Sheep, chickens, horses, pigs ... if I could have only one kind of homestead livestock, I'd choose honeybees. You never have to muck out stalls of bee manure. You don't need to keep their water trough thawed in subfreezing weather. And — thank God — you don't have to get up in the dark every morning before even a rooster goes off and go out to pull on some bee udders. Members of Apismellifera can clean themselves, fetch their own food and water and store your harvest. They'll even patch their home's leaks!
The fact that honeybees practically take care of themselves is really only a small part of their appeal. Even the golden sweetener they provide (which, like every other homegrown product, is worlds better than its oversanitized store counterpart) isn't what makes them irresistible to me. The plain truth is I can no longer imagine my life without those creatures and the fascination and respect they engender. A honeybee colony is a mysterious and independent creation. Bees haven't been bred and rebred into docile egg machines or walking meat racks. They are as wild today as when they were first imported into this country. As a consequence, working with bees is a challenge (and lesson) in cooperation, not domination ... a rare human-to-nature experience these days.
But enough rhapsodizing. If you now keep bees, you're probably already stricken with the obsession known as bee fever. I'm going to address myself here to those who might be considering beekeeping. If you're like I was a few years ago, the two things holding you back are ignorance and fear (nobody wants to get stung, right?). Well, I'll try my best to help you start dealing with both those factors. The books and the bees will teach you the rest about how to raise honeybees.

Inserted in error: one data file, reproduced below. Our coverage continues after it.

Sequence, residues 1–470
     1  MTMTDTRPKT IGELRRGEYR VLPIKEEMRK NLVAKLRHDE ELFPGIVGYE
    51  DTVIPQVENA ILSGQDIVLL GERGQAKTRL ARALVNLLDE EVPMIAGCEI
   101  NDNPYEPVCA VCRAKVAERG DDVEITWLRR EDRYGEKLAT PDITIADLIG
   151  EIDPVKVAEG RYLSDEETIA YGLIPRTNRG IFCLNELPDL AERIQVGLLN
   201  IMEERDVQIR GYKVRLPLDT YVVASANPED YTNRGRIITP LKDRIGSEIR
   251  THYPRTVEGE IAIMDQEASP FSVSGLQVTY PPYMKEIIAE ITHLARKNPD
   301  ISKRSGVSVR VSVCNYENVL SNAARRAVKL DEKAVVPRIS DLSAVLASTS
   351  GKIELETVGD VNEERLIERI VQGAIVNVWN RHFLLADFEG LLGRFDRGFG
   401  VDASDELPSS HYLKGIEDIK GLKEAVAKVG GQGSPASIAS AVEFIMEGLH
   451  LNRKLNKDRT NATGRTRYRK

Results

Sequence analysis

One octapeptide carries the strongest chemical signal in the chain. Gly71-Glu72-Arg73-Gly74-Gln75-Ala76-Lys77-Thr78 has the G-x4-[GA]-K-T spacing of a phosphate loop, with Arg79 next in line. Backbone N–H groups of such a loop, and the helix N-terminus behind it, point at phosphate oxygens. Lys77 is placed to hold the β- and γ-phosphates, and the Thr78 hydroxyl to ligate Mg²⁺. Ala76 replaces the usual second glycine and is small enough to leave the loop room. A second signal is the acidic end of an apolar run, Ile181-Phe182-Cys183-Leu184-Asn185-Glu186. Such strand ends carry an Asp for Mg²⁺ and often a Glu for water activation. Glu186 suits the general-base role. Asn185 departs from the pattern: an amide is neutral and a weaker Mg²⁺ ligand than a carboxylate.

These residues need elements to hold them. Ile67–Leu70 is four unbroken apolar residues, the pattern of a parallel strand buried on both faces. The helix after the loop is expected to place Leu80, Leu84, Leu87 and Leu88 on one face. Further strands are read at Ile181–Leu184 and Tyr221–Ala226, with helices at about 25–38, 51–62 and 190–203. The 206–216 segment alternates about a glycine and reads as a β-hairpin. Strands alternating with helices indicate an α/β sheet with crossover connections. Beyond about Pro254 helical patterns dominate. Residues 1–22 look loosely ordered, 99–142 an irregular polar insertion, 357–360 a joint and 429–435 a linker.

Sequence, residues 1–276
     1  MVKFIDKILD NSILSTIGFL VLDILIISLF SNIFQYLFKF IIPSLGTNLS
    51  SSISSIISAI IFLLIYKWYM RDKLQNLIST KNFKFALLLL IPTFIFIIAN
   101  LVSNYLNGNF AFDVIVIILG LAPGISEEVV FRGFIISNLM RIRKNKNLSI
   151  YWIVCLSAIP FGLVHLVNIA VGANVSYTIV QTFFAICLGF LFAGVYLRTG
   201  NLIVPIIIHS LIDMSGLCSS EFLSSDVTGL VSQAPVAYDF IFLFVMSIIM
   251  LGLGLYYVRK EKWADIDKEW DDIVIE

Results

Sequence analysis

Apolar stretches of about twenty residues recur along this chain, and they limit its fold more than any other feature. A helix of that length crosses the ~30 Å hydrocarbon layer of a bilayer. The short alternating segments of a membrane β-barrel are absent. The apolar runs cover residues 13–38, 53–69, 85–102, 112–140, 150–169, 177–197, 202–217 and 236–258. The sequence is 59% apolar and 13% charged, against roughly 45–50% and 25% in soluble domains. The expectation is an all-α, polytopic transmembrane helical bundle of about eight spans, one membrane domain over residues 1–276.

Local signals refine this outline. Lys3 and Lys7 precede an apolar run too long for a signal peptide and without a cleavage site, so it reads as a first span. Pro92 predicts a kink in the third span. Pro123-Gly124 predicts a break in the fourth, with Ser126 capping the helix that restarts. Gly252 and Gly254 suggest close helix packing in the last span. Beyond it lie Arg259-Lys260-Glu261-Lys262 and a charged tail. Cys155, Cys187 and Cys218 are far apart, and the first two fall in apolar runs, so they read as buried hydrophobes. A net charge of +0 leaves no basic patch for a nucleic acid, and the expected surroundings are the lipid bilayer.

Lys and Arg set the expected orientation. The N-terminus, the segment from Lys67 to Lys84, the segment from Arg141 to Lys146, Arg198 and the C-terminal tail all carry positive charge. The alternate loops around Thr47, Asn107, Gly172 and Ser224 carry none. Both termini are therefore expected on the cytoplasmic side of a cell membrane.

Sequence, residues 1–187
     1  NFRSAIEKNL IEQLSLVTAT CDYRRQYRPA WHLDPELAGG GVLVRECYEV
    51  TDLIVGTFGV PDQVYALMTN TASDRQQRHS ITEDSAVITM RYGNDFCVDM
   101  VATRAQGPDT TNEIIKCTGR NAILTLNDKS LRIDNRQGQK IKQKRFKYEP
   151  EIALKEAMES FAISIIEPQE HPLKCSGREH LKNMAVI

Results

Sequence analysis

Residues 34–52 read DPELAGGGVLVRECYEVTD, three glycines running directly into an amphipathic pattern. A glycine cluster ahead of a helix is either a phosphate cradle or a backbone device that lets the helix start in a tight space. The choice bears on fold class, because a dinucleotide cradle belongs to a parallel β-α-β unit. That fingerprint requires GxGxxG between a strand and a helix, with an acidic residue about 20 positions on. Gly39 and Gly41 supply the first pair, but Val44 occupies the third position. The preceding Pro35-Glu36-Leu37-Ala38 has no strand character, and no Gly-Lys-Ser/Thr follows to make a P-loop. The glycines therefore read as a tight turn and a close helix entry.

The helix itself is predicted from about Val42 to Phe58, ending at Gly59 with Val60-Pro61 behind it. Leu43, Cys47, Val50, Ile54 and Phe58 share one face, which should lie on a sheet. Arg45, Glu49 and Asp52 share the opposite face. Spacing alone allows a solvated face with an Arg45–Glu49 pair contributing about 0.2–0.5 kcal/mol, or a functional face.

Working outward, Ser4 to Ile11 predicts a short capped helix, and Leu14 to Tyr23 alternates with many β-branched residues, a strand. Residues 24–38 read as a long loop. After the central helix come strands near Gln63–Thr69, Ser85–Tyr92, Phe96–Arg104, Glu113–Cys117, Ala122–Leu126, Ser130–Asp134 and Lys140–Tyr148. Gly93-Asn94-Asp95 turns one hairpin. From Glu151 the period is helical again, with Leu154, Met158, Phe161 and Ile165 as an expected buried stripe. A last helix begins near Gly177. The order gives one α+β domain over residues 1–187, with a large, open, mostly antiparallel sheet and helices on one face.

The Biology of Bees
Honeybees live in complex communities that may contain as many as 100,000 members. The vast majority of these are the unfertile female bees known as workers. And do they work. They run the hive; feed and clean the queen; gather nectar, pollen, and water (nectar gets converted into carbohydrate-rich honey; pollen is used as is for protein-rich "bee bread"); cool or heat the hive, as needed; feed developing larvae; and make the beeswax they use to build all the hive's cells. During the peak of the season, a worker will live only six weeks before she dies from exhaustion. She'll have gathered enough nectar to make 1/12 of a teaspoon of honey.
There are only a few hundred male, or drone, bees in a hive. They don't work a lick. They just eat honey, fly around and look for an opportunity to mate. Such unions occur rarely, when a week-old queen goes on her mating flights high up in the air. It's then that the drones' distinctive large eyes and big wings come into play, for only the strongest males get to mate (passing on sperm that the queen can keep alive inside her for years!) and then fall to their — one hopes, blissful — deaths. The unsuccessful suitors meet their doom in autumn: No longer needed, they are forcibly evicted from the hive by — who else? — the workers.
At the heart of the hive is its queen, the sole female bee with fully developed reproductive organs. Indeed, all she is, is a royal egg layer; she has absolutely no decision-making authority. But what a layer! In the height of the season, she can produce 1,500 eggs — more than her own weight — in a single day.
The worker bees do treat her regally — they know the hive's existence depends on having a healthy queen bee — but as soon as she falters in her duties, they decide it's time for a replacement. They'll pick out a few cells with brand-new worker eggs, enlarge those cells to hold the bigger queen bees and then feed the chosen eggs a diet consisting exclusively of royal jelly, a hormone- and protein-rich substance that miraculously makes female larvae develop into fertile adults. The workers will then dispose of the old queen.